Discriminating against someone based on their race, gender, sexuality etc is wrong, be it positive of negative for them. One could argue that the reason straight, white, males have so much power isn't because of negative discrimination against others, but positive discrimination towards straight, white, males. Discrimination based on what you are always causes resentment with others and can cause unease with you. If a female dev gets a speaker role simply because she's a woman, then more capable male speakers will likely resent that person. She's there because her reproductive organs are on the inside. Likewise the female speaker may feel unease at her capabilities. Is she really capable enough or is she there just because she's a woman?
The lack of minority speakers at conferences isn't the cause for the fact that these groups are minorities. There is a lot of emphasis put on it though as being something we must solve. Personally I don't think we should put quite as much effort into it. As long as conference organisers are contacting these minorities groups as much as the majority group, and are asking them because they believe them to be high quality speakers, then that's fine. If all the minority speakers they contact can't do it but they find enough white, male speakers who can then great, you've got a conference with N high quality speakers.
Claiming that you cannot have conferences where all the speakers are white men is incredibly impractical. I mean to get that enforced you'd need to either say that any woman, black person or gay person who is asked to speak at a conference MUST accept, or to say that any conference that doesn't have at least one of those cannot go on. Why ruin something for a large group of people simply because those on some self righteous guilt trip can't be satisfied with the reality of the situation and don't want to tackle the real problems.
We need to treat the cause of the problem. All groups are equally good at speaking, so the only way to increase the numbers of the speakers in minority groups is to increase the number of community members in those minority groups. We should be trying to get more female, black, gay etc developers and designers. When we have more of them we have more chance of finding good, willing speakers in those groups and so will increase the amount of speaker slots filled by them.
The fact is that conferences don't really inspire people to get into this industry. They may influence a few people but you often don't learn about conferences until you're already part of the community. What gets people interested is the stuff outside of conferences. First and foremost parents help. If my dad hadn't brought home a computer when I was 3 and let me play with it I would not be where I am today. They also bought me a lot of the greatest toy ever made for inspiring creativity: Lego. We already know that toys help children learn. There is also evidence that the bias in toys between girls and boys affects their outlooks on life. I mean what are the bulk of toys for girls? Baby dolls, toy cookers, toy cleaners etc. Is it any surprise people grow up and inherently assume women will be the child carer, chef and cleaner?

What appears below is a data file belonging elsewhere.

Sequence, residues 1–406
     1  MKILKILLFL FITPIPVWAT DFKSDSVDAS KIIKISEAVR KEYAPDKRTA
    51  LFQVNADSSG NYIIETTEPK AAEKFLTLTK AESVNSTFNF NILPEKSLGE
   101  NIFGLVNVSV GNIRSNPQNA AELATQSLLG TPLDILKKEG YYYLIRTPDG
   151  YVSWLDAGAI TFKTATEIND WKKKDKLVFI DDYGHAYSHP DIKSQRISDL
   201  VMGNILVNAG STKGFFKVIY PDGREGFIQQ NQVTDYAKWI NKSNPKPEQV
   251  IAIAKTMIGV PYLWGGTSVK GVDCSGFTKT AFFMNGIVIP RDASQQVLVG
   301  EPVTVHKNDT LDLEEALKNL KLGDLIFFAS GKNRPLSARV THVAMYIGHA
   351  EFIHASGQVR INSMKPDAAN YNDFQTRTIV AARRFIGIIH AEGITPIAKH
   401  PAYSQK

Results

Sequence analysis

We also need to get into schools. Go and speak in a school and open their minds to the possibilities of being a developer or a designer while they are young. If you can get them interested they'll start looking into stuff on their own. Show them how cool and interesting what we do is and show them how to get started and where to look.
Make sure to write blog posts and guides and offer help to those who ask for it. Maybe take someone under your wing and mentor them. Just as much as you want to give to the community, give to those outside of the community who may want in. It is thanks to the help and recommendations of several people down the line that led me to where I am now. They got me interested in Mac dev and the possibility of going to university to do Computer Science. That got me to choose what A levels I would take and helped me get round to starting my company and selling software.
And finally, build cool stuff. Make beautiful, spectacular and amazing applications and website and designs or whatever it is you make. And then show people how you made them. I put my interest in creating apps down to two pieces of software that came with a Performa 5200 my family got when I was 7: Myst and ConcertWare. These two apps were eye openers for me. And best of all, Myst came with a making of, so I could see how they did it and I could try and do it myself. Down the line I started going to the library and looking at programming books and everything spiraled from there.
The fact is, it is a shame that there aren't more female, black, gay, etc speakers at conferences. It's also a shame there aren't more attendees of those groups at conferences. And that there aren't more bloggers of those groups in the community. And that there just aren't more devs and designers of those groups in the community. But these are all ultimately symptoms. We can try to treat them all we like but we'll still be stuck where we are now. We need to attack the cause. I can tell you one thing for certain: there will be more people of all backgrounds inspired to join our community due to things like Facebook, Twitter and the App Store than there ever has been due to a conference.